Federal Report Reveals University Of Virginia Staff Allegedly Advised Other Colleges On How To Scam Taxpayers

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Marlo Safi Culture Reporter
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University of Virginia (UVA) staff helped advise other universities on how to illegally avoid returning excess grant funding to the federal government and discussed the potential consequences if the public became aware of the scheme, according to an investigative report from the Department of Education that was obtained by the Daily Caller.

UVA agreed to pay $1 million to settle claims that it did not properly account for discounts it received on equipment and material it purchased with federal grant money and failed to return the excess funds, the Justice Department announced in June 2020. 

Department of Education FOIA of University of Virginia Investigation

A Freedom of Information Act (FOIA) request to the Department of Education revealed that federal officials also allegedly uncovered internal communications between UVA executives discussing “in plain terms the illegality of their actions” and the ramifications if the scheme became “front page news.”

Department of Education FOIA of University of Virginia Investigation

The investigation revealed that UVA staff had also “advised other post-secondary institutions” on how to avoid returning excess grant funds so the colleges could instead keep the money, a violation of the False Claims Act, according to the report.

In August 2015, officials interviewed UVA’s procurement specialist, who disclosed the failure to pass along millions of dollars in discounts UVA received for materials purchased with the federal funding to the government.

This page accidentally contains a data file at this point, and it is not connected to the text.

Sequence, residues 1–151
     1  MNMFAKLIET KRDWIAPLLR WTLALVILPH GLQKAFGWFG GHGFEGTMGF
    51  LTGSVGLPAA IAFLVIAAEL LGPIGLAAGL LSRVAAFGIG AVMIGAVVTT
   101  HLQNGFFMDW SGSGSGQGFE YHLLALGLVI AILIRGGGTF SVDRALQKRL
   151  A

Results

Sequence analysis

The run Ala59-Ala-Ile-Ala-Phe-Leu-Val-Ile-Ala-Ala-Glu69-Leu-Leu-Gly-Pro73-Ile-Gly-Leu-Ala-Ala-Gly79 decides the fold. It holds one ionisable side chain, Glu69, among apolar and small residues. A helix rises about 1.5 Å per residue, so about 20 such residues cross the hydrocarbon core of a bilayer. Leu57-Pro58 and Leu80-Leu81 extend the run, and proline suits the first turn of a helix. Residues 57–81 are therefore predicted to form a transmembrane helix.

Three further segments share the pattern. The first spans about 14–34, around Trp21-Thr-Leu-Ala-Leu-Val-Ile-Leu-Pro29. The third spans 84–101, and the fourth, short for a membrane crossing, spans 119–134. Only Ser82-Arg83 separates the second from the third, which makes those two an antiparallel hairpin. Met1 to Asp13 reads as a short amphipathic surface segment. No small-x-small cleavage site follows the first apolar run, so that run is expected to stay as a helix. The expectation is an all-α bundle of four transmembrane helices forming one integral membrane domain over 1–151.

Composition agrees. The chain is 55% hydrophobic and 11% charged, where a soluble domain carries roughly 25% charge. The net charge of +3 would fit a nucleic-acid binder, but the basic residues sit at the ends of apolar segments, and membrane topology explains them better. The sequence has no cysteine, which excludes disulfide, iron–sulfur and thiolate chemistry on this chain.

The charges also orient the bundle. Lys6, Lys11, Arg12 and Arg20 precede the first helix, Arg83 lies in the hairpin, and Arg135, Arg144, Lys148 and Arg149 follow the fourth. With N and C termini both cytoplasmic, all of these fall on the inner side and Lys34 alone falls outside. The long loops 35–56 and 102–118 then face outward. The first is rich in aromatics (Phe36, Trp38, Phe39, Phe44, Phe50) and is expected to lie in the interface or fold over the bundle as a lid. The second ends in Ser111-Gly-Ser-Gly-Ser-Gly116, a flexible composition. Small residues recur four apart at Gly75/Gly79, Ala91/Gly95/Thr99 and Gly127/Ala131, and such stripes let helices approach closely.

The report said UVA was obligated to a total of $682,469,033 in direct-funded grants between fiscal year 2013 and 2017, but investigators could not determine an exact loss in federal funds due to the university’s complex accounting system. 

The Caller asked UVA whether any of the staff involved in the scheme that were mentioned in the Department of Education’s report were disciplined. 

“The University is pleased to have resolved this matter with the federal government,” a UVA spokesperson responded. “The University takes seriously its responsibility to be a good steward of federal funds and addressed areas of potential disagreement regarding accounting for rebates and credits for the time period between 2009-2017. The University has fully cooperated with the investigation and implemented new policy changes to our accounting practices.”

The False Claims Act prohibits educational institutions and other entities from submitting false claims to the government or knowingly making false records to get a false claim paid by the government. The law also creates liability for entities that avoid paying money to the government. (RELATED: Massive College Scams Taxpayers Out Of Student Loans With Fake Enrollment Paperwork, Whistleblowers Say)

Numerous universities have been the subjects of cases involving False Claims Act violations. In 2015, the University of Florida paid $19.8 million to settle allegations that it had improperly charged the government for hundreds of federal grants while also inflating costs for services performed at a third party entity. 

The University of Missouri, Columbia paid a $2.2 million penalty in 2016 after the government determined the university billed it for medical services performed by physicians when the services did not occur. Columbia University paid a $9.75 million settlement in 2016 after allegedly inflating charges to the government for 423 grants by applying its high “on-campus” cost rate instead of a much lower “off-campus” cost rate for research services.